Verses 48,49 are a solemn warning to those who are thus blessed against a possible falling away from even such a favored condition. As long as we are in the flesh, we will have to war against its sinful proclivities. With the increase of knowledge pride may reassert itself or arrogate to self the honor of finding out God by searching, and, to a considerable extent losing sight of the great reward of faithfulness at the end of the present pathway of humiliation and sacrifice, seek to gratify present fleshly ambitions with the prestige gained by the knowledge of the truth. Such a one virtually says in his heart, "My Lord delayeth his coming"—the coming in the glory of his Kingdom, his personal presence being already recognized. That is the language of such conduct, whether it find expression in words or not; and then follow the unseemly acts to which pride, ambition and self-righteousness stimulate:—he begins to smite his fellow-servants (to act tyrannically over those who are faithful and, generally, because they are faithful), and to eat and drink with the drunken (to imbibe more and more of the spirit of the world, the spirit of selfishness, and to become intoxicated with it). Thus tyranny and selfishness go hand in hand, as in the notable instance of the inquisitions and indulgences in the Church of Rome. The only proper course for the Lord's* people at any time is to have "no confidence in the flesh," and to watch against its old ambitions under all circumstances, and to pray, lest we enter into temptation.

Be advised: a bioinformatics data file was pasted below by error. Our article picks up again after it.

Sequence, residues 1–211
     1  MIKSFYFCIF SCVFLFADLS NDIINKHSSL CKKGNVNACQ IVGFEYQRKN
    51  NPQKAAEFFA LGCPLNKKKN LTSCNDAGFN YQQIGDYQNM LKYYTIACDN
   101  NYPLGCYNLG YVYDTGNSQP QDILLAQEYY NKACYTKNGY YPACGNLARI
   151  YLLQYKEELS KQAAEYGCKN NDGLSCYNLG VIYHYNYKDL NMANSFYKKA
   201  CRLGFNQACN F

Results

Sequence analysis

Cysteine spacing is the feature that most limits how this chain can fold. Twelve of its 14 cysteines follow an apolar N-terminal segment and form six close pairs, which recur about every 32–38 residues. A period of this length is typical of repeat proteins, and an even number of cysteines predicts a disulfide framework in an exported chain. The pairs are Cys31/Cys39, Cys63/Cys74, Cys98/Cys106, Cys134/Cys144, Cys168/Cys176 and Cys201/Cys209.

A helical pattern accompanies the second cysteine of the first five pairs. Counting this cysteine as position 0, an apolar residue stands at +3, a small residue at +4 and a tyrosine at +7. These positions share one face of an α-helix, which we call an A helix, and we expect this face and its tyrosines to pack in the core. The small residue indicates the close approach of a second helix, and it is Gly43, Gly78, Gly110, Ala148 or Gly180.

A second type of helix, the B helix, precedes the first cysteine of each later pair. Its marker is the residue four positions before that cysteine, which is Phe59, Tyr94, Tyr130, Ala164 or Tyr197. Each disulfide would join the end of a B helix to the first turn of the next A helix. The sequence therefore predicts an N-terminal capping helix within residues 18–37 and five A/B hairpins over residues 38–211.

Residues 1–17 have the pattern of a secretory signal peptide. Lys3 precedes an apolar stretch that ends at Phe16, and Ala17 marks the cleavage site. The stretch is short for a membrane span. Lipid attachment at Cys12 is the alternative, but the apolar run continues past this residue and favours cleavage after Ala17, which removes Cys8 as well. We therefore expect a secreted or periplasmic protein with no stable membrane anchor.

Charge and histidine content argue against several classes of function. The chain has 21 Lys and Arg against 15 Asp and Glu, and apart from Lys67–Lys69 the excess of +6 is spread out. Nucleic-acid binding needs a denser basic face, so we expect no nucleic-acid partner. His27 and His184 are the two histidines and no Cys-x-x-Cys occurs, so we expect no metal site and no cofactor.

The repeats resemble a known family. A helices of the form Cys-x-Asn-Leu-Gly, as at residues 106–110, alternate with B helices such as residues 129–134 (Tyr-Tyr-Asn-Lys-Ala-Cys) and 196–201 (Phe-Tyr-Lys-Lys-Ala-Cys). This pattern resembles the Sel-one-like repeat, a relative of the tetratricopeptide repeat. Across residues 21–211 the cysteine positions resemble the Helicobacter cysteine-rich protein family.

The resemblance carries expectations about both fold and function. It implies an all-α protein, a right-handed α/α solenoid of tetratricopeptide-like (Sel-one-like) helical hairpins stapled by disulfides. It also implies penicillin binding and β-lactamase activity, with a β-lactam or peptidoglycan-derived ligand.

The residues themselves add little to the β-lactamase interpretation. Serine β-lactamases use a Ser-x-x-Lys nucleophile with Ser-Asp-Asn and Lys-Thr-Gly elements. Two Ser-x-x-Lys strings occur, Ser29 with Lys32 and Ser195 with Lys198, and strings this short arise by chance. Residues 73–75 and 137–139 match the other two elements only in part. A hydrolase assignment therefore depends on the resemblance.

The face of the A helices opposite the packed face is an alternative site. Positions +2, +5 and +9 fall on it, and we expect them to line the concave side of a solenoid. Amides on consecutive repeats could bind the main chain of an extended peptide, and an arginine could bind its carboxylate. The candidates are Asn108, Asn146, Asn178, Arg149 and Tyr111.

Verses 50,51. The penalty of falling away from such high privileges, and that in the face of a knowledge of the Lord's presence and the very near approach of his Kingdom and glory, is, as might well be surmised, a severe one—a penalty which such a one must shortly realize, when, in the overwhelming trouble that shall ere long put an end to all human ambitions, he comes to his sober senses and realizes that he has sold his birthright and is cut off from his former position in the body of Christ and appointed a portion with the hypocrites in the great tribulation with which this harvest period closes. God forbid that any of those at present rejoicing in the truth should thus fall away, now when the Kingdom and its glory are so near. Yet it behooves all to watch and pray lest we enter into temptation.